Using golf lessons on the course

PGA.com
By
Trevor Gliwski, PGA

Problem Area: Fundamentals
Series: Instruction Feature

Taking a golf lesson to the course can be a challenge. Making a swing change on the range is difficult; on the course it is even tougher. The range is the frying pan, the course is the fire. Because the golf course has many distracting obstacles, the tendency for most players is to revert back to their natural movements or habit patterns. The purpose of making a change is to hit better shots, to bring it to the course you need to have a solid routine. There are three key points to a good routine that will allow you to take your new action to the course.

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First, once you have decided on the club and the shot, make a rehearsal to establish the proper feeling. Your mind may know the swing you want, however your body doesn't. A rehearsal is a motion or drill that is an exaggeration of the new move being learned and must be done on every shot. Tiger Woods never hits a shot without making some kind of motion beforehand to create a feel.

Next, stand behind the ball to pick an intermediate target and visualize the shot. The intermediate target is a spot on the ground, which could be a blade of grass, divot, old tee, etc., within a few feet of your ball. This spot helps with your aim and alignment, but can also help with your swing change. For instance, if you were a slicer (right handed) you would visualize a draw, curving right to left around the intermediate target.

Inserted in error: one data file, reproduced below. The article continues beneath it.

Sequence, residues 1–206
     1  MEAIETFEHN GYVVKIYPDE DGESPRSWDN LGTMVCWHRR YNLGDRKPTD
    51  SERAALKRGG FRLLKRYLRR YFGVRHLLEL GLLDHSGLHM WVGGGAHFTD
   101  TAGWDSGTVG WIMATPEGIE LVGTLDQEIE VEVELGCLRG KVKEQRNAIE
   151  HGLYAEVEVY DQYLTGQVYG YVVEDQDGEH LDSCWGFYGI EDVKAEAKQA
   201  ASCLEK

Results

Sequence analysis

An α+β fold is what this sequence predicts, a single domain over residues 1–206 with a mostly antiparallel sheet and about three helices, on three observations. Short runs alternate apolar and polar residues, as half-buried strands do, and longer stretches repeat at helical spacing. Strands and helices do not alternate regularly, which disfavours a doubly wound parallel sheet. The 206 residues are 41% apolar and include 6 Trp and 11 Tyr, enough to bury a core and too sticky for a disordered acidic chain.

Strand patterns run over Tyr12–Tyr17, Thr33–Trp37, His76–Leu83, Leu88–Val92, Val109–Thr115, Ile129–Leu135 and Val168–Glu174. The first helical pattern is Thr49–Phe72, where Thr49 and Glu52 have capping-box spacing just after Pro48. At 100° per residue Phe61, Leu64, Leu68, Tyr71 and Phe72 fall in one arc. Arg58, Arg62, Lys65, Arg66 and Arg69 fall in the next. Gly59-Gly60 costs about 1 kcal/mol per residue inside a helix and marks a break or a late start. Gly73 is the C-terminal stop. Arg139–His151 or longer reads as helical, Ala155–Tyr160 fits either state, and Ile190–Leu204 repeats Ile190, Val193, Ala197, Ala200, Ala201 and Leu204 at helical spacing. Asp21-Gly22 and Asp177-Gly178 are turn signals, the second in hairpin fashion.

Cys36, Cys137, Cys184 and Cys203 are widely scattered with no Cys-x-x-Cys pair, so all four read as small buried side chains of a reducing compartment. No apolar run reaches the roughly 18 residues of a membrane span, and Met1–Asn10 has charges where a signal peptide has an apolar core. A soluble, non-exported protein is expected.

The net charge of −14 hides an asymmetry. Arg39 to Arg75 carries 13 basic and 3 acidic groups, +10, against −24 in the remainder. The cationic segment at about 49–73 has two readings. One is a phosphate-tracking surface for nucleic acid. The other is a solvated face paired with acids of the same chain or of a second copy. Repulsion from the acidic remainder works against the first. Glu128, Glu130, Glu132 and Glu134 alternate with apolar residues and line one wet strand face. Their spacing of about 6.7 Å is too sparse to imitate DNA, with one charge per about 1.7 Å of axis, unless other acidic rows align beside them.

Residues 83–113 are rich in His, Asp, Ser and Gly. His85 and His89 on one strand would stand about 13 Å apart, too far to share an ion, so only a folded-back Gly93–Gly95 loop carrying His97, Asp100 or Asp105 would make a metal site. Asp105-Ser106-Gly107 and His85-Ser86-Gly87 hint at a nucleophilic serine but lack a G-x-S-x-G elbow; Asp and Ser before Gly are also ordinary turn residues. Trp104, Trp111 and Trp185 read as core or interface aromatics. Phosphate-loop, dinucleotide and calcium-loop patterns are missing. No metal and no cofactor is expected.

Finally, commit to the swing feeling you rehearsed and the shot you visualized. Do not try to control or steer the shot. I always say, "Be willing to lose your golf ball." This means you are not afraid of the result and are more concerned with the process of hitting a good golf shot. Jump in with both feet and make the new swing motion you are learning. The more you take on this attitude the faster you will get where you want to go.


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